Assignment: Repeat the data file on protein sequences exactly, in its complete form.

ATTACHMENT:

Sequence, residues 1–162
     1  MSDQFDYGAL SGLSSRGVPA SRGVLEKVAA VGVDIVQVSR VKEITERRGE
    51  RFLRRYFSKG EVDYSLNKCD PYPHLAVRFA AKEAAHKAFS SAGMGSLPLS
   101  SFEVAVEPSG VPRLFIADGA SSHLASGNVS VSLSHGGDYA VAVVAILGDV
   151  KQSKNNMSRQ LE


Sequence, residues 1–162
     1  MSDQFDYGAL SGLSSRGVPA SRGVLEKVAA VGVDIVQVSR VKEITERRGE
    51  RFLRRYFSKG EVDYSLNKCD PYPHLAVRFA AKEAAHKAFS SAGMGSLPLS
   101  SFEVAVEPSG VPRLFIADGA SSHLASGNVS VSLSHGGDYA VAVVAILGDV
   151  KQSKNNMSRQ LE